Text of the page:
Since the start of COVID-19, several relevant corpora from various sources are presented in the literature that contain millions of data points. While these corpora are valuable in supporting many analyses on this specific pandemic, researchers require additional benchmark corpora that contain other epidemics to facilitate cross-epidemic pattern recognition and trend analysis tasks. During our other efforts on COVID-19 related work, we discover very little disease related corpora in the literature that are sizable and rich enough to support such cross-epidemic analysis tasks. In this paper, we present EPIC30M, a large-scale epidemic corpus that contains 30 millions micro-blog posts, i.e., tweets crawled from Twitter, from year 2006 to 2020. EPIC30M contains a subset of 26.2 millions tweets related to three general diseases, namely Ebola, Cholera and Swine Flu, and another subset of 4.7 millions tweets of six global epidemic outbreaks, including 2009 H1N1 Swine Flu, 2010 Haiti Cholera, 2012 Middle-East Respiratory Syndrome (MERS), 2013 West African Ebola, 2016 Yemen Cholera and 2018 Kivu Ebola. Furthermore, we explore and discuss the properties of the corpus with statistics of key terms and hashtags and trends analysis for each subset. Finally, we demonstrate the value and impact that EPIC30M could create through a discussion of multiple use cases of cross-epidemic research topics that attract growing interest in recent years. These use cases span multiple research areas, such as epidemiological modeling, pattern recognition, natural language understanding and economical modeling.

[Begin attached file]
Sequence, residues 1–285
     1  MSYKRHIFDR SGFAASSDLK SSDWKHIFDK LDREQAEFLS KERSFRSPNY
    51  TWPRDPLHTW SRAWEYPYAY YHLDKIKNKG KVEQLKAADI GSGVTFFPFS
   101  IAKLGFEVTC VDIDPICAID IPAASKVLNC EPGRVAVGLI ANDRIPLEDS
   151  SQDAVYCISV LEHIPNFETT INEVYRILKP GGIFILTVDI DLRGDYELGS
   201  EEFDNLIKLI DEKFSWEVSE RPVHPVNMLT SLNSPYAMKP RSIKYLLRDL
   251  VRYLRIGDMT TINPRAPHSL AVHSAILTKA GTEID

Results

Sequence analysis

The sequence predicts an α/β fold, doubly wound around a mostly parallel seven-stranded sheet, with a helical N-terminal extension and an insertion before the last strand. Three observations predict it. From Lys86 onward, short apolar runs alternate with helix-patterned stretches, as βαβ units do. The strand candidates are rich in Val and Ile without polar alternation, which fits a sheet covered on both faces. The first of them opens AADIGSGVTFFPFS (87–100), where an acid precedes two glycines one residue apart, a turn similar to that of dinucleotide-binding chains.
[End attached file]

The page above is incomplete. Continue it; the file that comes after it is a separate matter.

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EPIC: An Epidemics Corpus Of Over 20 Million Relevant Tweets

Jun 09, 2020
Junhua Liu, Trisha Singhal, Lucienne T. M. Blessing, Kristin L. Wood, Kwan Hui Lim

Since the start of COVID-19, several relevant corpora from various sources are presented in the literature that contain millions of data points. While these corpora are valuable in supporting many analyses on this specific pandemic, researchers require additional benchmark corpora that contain other epidemics to facilitate cross-epidemic pattern recognition and trend analysis tasks. During our other efforts on COVID-19 related work, we discover very little disease related corpora in the literature that are sizable and rich enough to support such cross-epidemic analysis tasks. In this paper, we present EPIC, a large-scale epidemic corpus that contains 20 millions micro-blog posts, i.e., tweets crawled from Twitter, from year 2006 to 2020. EPIC contains a subset of 17.8 millions tweets related to three general diseases, namely Ebola, Cholera and Swine Flu, and another subset of 3.5 millions tweets of six global epidemic outbreaks, including 2009 H1N1 Swine Flu, 2010 Haiti Cholera, 2012 Middle-East Respiratory Syndrome (MERS), 2013 West African Ebola, 2016 Yemen Cholera and 2018 Kivu Ebola. Furthermore, we explore and discuss the properties of the corpus with statistics of key terms and hashtags and trends analysis for each subset. Finally, we demonstrate the value and impact that EPIC could create through a discussion of multiple use cases of cross-epidemic research topics that attract growing interest in recent years. These use cases span multiple research areas, such as epidemiological modeling, pattern recognition, natural language understanding and economical modeling.